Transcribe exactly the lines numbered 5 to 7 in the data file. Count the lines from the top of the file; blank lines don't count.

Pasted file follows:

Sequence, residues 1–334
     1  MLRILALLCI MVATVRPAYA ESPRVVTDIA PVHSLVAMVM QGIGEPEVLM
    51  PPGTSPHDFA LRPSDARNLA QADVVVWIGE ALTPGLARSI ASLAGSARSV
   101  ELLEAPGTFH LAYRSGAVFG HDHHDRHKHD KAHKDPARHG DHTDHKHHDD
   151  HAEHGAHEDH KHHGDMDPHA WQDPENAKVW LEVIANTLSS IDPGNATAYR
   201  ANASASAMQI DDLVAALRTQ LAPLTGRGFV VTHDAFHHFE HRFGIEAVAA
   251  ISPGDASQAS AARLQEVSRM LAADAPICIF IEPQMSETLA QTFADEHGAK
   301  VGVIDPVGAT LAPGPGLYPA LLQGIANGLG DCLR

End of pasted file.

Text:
   151  HAEHGAHEDH KHHGDMDPHA WQDPENAKVW LEVIANTLSS IDPGNATAYR
   201  ANASASAMQI DDLVAALRTQ LAPLTGRGFV VTHDAFHHFE HRFGIEAVAA
   251  ISPGDASQAS AARLQEVSRM LAADAPICIF IEPQMSETLA QTFADEHGAK